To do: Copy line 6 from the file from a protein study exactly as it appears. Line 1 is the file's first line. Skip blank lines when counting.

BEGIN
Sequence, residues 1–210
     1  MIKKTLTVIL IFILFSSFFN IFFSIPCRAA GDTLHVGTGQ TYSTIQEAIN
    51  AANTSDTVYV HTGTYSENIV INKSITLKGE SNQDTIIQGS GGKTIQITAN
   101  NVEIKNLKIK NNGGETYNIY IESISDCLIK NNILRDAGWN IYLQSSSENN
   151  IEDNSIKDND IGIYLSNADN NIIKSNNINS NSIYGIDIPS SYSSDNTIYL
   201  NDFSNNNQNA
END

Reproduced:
   201  NDFSNNNQNA